I think, maybe, part of our challenge is the awareness of boundaries and solidity of things, and the presumption of personal space. We get over 90% of our information visually, we snap-capture our surroundings, and we think we know: this thing looks reliable because it looks solid; this person looks safe because he looks familiar; it’s empty around because it’s transparent. We can’t see anything, and we say, “There’s nothing there.” Because we can see so much. Most of the time, we have this sense of security in our worlds, but it’s a false sense. That’s why people fear the dark. We think we move things and avoid things and so we can predict things, but we don’t really know. We think we are separate from things because they come into and out of view, but we are not separate. We are droplets in the same flowing stream.

Have you ever tried closing your eyes for an extended period of time and listening to the world? If you haven’t, try it. Not just a few seconds but at least 10 minutes. Then again, maybe longer. You will discover that the soundscape of reality changes when it is not moderated by the eyes, by distance and direction and the satisfying of our reflex to look when a new sound intrudes on our predictable safety of known proximity. You will discover new sounds in familiar places you’ve never noticed before, a pronounced and subtle detail, new backgrounds that have always been there, and an ability to make out little intricacies of foreground. You will encounter little puzzles and ponder stories behind voices and progressions, and the world will come alive again unseen but understood better and more deeply. And you might discover an unsung kind of courage: an ability not to look when you don’t know what you’re hearing. It’s a vulnerable state to be in, a state of dissipating boundaries.

Have you tried exploring other senses in the same way? With no eyes and no ears, just touching? Temperatures and textures, shapes unseen, a whole universe of curves and bulges, angles cool and smooth, rough, prickly, changing and fixed, unsteady and secure, welcoming, dangerous, begging, tired? Smell and taste?

Can you imagine the world underneath all that? The senses yet undiscovered?

echo 2

When mystics say that true sight is not in the eyes, they are not talking about extra-sensory perception. When ancient teachers say we must see with our hearts, they are definitely not talking about ultrasounding one. But I think these things too are connected. They too lead to the same place. Because they are really talking about quieting down the chaos and vanity of the surface world and seeing through to what’s important, to the heart of things – heart to heart – where, underneath the surface of solid objects and empty spaces, the great river of Love is filling reality, carrying the droplets that we are, and there aren’t really any boundaries between us, there aren’t any empty spaces.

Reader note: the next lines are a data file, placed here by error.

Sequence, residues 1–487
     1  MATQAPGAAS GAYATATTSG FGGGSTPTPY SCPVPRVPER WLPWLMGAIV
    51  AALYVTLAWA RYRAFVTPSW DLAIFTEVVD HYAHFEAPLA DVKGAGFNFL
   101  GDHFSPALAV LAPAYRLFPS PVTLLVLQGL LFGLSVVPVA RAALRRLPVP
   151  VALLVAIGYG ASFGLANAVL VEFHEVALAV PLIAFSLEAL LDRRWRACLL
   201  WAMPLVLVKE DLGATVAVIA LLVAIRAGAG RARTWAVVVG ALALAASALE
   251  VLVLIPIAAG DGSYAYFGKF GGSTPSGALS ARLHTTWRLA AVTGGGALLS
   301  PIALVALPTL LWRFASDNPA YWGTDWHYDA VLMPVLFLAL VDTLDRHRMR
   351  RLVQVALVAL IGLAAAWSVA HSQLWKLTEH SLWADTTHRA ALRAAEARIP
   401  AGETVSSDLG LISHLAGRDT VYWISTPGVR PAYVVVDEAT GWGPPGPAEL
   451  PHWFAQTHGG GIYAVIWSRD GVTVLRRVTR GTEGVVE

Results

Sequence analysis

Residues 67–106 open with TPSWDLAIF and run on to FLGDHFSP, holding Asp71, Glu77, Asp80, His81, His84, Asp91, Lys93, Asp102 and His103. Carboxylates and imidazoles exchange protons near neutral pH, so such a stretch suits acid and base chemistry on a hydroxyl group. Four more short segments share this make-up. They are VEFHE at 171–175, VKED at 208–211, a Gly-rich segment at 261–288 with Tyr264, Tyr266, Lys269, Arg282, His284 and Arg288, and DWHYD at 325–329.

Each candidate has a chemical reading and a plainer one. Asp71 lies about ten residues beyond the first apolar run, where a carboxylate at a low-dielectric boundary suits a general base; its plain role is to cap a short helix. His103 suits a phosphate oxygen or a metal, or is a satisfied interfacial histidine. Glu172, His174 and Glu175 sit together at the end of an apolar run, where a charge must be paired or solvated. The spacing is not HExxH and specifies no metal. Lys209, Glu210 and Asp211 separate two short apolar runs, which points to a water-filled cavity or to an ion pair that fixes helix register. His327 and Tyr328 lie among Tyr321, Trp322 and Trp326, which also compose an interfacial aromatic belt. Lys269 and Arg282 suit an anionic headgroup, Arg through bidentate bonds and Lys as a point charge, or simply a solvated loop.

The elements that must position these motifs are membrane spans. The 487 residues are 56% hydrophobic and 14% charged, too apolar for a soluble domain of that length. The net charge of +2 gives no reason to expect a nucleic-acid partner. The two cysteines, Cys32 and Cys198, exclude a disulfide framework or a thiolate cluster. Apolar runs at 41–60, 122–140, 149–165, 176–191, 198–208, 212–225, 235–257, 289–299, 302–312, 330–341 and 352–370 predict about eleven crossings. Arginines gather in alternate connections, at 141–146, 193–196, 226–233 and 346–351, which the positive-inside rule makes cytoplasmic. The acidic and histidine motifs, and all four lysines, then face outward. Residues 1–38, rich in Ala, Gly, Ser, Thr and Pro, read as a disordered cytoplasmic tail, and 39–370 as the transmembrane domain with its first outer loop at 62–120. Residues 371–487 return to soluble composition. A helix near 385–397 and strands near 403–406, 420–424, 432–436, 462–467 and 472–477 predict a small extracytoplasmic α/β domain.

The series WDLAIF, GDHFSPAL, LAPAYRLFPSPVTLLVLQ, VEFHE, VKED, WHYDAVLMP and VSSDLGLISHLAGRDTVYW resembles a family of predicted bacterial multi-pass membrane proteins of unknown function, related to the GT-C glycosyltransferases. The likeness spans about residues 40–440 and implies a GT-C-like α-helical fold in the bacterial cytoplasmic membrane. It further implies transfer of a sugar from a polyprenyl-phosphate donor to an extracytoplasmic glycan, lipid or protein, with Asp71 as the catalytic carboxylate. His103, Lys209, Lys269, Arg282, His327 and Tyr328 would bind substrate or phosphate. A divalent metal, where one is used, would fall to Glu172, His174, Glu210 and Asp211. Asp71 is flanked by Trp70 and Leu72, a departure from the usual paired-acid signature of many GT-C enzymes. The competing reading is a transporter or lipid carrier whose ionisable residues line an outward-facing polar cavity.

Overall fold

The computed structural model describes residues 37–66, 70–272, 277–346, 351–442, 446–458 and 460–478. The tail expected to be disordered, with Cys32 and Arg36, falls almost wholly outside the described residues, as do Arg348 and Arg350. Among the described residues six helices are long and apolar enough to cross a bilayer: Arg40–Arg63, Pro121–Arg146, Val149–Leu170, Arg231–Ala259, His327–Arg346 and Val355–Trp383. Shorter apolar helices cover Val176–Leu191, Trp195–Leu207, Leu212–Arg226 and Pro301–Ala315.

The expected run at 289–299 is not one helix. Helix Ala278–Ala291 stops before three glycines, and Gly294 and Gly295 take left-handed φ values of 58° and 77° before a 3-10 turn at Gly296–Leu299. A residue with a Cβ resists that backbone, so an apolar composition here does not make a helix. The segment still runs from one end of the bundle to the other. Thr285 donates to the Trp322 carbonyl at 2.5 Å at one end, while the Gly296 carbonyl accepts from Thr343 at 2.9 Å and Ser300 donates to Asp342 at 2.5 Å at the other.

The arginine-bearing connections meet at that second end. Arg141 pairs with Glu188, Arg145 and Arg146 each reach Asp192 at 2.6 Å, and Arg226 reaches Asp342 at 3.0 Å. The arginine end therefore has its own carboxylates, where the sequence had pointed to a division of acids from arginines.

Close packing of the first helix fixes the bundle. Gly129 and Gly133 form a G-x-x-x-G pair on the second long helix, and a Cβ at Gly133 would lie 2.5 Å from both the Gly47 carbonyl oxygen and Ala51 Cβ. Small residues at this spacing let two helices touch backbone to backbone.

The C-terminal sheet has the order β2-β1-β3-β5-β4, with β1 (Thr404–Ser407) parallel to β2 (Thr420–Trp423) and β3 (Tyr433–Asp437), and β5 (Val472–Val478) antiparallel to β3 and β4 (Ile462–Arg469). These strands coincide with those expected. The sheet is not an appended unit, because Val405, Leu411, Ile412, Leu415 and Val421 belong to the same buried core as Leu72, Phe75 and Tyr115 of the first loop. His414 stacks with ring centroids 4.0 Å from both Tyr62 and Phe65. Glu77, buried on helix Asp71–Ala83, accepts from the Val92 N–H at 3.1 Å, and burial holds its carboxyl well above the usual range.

It’s about compassion, isn’t it? We are talking about some sense of oneness and grandeur and wonder of all things, of what’s important, of what’s truly good. It is this 6th sense that is connection beyond our habitual senses, when our hearts find themselves beating in unison with some great soundless beat of the universe. It is the vision of the heart that moves us to fill voids, to bring water to nations in drought, dialogue to war zones, and bread to the homeless. It is the vision of the heart that moved us to invent echocardiogram so we could see all the way through to each other’s hearts and, should they be in pain, fix them. It is the vision of the heart that never sleeps – like the heart, unlike our other senses. Seeing with the heart, we can always see well.

the little prince 1

 

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1 comment

  1. Len

    What you are painting here Evelyn Underhill in her book Practical Mysticism (1914) in a way describes as the first stage available-to-all-level of mysticism–“nature mysticism.” I try to seize it every waking moment–and in my dreams…?